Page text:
God's Own Country - KERALA India
Kerala, a state of India located on the Southwestern tip of India, enjoys unique geographical features that have made it one of the most sought-after tourist destinations in Asia. Fondly referred to as ‘God’s Own Country’, Kerala was selected by the National Geographic Traveler as one of the 50 destinations of a lifetime and one of the thirteen paradises in the world.
An equable climate, serene beaches, tranquil stretches of backwaters, lush hill stations and exotic wildlife are the major attractions of this land. A unique advantage of Kerala is that most of the destinations here are just two to four hour drive from the other.
Classical art forms, colourful festivals, unique cuisine are some of the cultural marvels that await travellers. Ayurveda, the ancient Indian system of medicine and Panchakarma, the rejuvenation therapy in Ayurveda have also helped Kerala to gain a pan-global reputation as a top of the line destination.
And in Kerala, the season never ends, thanks to the year-long moderate climate and numerous festivals and events.
Kerala State Map
Major cities in Kerala
Rank City\Town District Population
01 Thiruvananthapuram Thiruvananthapuram 744,983
02 Kochi Ernakulam 595,575
03 Kozhikode Kozhikode 436,556
04 Kollam Kollam 361,029
05 Thrissur Thrissur 317,526
06 Alappuzha Alappuzha 187,495
07 Palakkad Palakkad 130,767
08 Thalassery Kannur 99,387
09 Ponnani Malappuram 87,495
Kerala is one of the smallest states in the in the south-western part of Indian union. It was created on 1 November 1956, with the passing of the States Reorganization Act bringing together the areas where Malayalam is the dominant language. Its area 38.855 square kilometers is just 1.3 percent of the total area of India. The land of India comprises the narrow coastal strip bounded by the Western Ghats n the east and the Arabian Sea on the west. In the words of Sreedhara Menon “Its unique geographical position and peculiar physical features have invested Kerala with a distinct individuality.” Hence it has played a vital role in the commercial and cultural history of India. Kerala has been describes “as the favorite child of nature.” Like Kashmir in the north, Kerala in the south is famous for its breath-taking natural beauty.
With its evergreen mountains, dense forests stately palms, swift flowing rivers, extensive backwaters and blue lagoons, it looks like a fairyland. This atmosphere of beauty and peace has nurtured religion and art in Kerala and enabled her to become a precious gem in the necklace of Indian culture. Indian poets of eminence have showered their praises for the abundance of its peppers, the fragrance of its sandal and the wealth of its coconuts. No part of India is so widely known or has played so important a part in world history as Kerala.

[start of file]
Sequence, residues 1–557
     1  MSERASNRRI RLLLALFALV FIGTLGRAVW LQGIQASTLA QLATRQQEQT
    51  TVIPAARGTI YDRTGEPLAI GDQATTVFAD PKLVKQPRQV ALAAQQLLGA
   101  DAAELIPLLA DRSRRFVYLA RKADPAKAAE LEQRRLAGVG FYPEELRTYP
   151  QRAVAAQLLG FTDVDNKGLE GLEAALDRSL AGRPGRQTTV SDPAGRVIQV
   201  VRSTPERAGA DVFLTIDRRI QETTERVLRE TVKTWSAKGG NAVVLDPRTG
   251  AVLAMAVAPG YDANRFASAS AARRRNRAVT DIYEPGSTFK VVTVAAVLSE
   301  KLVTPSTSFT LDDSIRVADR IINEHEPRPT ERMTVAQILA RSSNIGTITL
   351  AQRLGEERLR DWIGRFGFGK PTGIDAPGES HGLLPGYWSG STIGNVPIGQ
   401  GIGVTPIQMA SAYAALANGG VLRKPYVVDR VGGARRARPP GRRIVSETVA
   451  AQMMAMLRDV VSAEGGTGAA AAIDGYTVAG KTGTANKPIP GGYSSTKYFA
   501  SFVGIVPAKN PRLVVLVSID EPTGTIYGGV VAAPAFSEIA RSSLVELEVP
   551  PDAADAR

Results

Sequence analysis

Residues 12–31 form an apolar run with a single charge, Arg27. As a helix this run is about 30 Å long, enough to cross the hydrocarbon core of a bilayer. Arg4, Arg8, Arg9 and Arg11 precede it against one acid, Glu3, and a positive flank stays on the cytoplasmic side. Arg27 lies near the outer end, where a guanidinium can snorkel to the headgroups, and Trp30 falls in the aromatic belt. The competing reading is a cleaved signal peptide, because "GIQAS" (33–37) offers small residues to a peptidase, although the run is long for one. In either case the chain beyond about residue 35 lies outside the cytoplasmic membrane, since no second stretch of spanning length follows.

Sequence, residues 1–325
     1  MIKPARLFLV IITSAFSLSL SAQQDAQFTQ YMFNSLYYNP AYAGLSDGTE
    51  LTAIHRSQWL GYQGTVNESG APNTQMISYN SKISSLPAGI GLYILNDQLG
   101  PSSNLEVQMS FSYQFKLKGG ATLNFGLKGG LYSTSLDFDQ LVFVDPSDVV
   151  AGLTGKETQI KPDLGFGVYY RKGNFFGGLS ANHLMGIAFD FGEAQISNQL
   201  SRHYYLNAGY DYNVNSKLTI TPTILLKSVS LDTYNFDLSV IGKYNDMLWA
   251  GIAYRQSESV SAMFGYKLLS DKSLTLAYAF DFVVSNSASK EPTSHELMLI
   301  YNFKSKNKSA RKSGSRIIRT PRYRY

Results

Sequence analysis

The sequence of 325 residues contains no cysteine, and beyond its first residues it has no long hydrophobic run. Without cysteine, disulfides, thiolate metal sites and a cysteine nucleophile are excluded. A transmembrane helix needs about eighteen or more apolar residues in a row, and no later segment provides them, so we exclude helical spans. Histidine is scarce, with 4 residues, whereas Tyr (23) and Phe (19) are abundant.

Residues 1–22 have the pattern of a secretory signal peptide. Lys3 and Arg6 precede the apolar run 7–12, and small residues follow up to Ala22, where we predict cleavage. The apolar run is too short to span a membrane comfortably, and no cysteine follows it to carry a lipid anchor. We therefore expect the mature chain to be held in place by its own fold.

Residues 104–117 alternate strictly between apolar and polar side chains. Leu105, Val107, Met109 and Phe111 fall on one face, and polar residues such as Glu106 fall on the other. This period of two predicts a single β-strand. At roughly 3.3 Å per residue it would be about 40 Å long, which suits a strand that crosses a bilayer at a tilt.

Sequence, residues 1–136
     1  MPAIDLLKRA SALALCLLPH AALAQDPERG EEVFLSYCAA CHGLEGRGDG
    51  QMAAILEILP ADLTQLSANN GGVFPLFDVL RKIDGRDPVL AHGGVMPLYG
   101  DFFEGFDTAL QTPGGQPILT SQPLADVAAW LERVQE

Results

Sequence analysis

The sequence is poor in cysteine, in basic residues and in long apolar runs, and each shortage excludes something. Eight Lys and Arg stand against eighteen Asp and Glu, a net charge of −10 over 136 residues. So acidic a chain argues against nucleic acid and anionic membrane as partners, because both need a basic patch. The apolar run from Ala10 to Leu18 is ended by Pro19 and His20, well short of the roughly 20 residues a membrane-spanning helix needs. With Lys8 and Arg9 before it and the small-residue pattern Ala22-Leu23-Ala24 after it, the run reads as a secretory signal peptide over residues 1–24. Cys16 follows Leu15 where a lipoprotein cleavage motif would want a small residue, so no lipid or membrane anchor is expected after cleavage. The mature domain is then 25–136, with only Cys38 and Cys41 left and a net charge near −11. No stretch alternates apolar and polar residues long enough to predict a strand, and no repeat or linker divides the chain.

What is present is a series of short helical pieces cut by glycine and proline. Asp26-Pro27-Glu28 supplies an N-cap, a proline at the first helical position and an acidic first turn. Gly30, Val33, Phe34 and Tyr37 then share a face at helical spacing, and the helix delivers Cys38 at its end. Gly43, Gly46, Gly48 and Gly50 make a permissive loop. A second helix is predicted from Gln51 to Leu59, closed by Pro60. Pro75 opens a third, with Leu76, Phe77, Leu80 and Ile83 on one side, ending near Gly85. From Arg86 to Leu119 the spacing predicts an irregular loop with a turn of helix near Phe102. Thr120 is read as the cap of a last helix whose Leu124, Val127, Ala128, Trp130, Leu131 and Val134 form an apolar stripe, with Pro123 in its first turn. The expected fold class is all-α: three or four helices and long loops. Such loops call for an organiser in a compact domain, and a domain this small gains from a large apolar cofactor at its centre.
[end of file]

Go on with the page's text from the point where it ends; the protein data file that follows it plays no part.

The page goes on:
Kerala has a higher Human Development Index than all other states in India. The state has a literacy rate of 90.92 percent, the highest in India. A survey conducted in 2005 by Transparency International ranked Kerala as the least corrupt state in the country. Kerala has witnessed significant migration of its people, especially to the Persian Gulf countries, starting with the Kerala Gulf boom, and is uniquely dependent on remittances from its large Malayali expatriate community.
From as early as 3000 BC, Kerala had established itself as the major spice trade centre of the world. A 3rd-century-BC rock inscription by emperor Asoka the Great attests to a Keralaputra. Around 1 BC the region was ruled by the Chera Dynasty, which traded with the Greeks, Romans and Arabs. The Tamil Chera dynasty, Ays and the Pandyan Empire were the traditional rulers of Kerala whose patriarchal dynasties ruled until the 14th century. The Cheras collapsed after repeated attacks from the neighboring Chola and Rashtrakuta kingdoms. Feudal Namboothiri Brahmin and Nair city-states subsequently gained control of the region. Contact with Europeans after the arrival of Vasco Da Gama in 1498 gave way to struggles between colonial and native interests. By early 16th century, the Portuguese established their domination. They were defeated by the Dutch in 1663, who in turn were forced out of the land by the British East India Company in 1795, bringing the area under British dominion. After independence, the state of Kerala was created in 1956 from the former state of Travancore-Cochin, the Malabar district of Madras State, and the Kasaragod taluk of Dakshina Kannada.
Kerala is a popular tourist destination famous for its backwaters, Ayurvedic treatments, tropical greenery and verity of sea food. House Boats on the back waters are very famous in Kerala.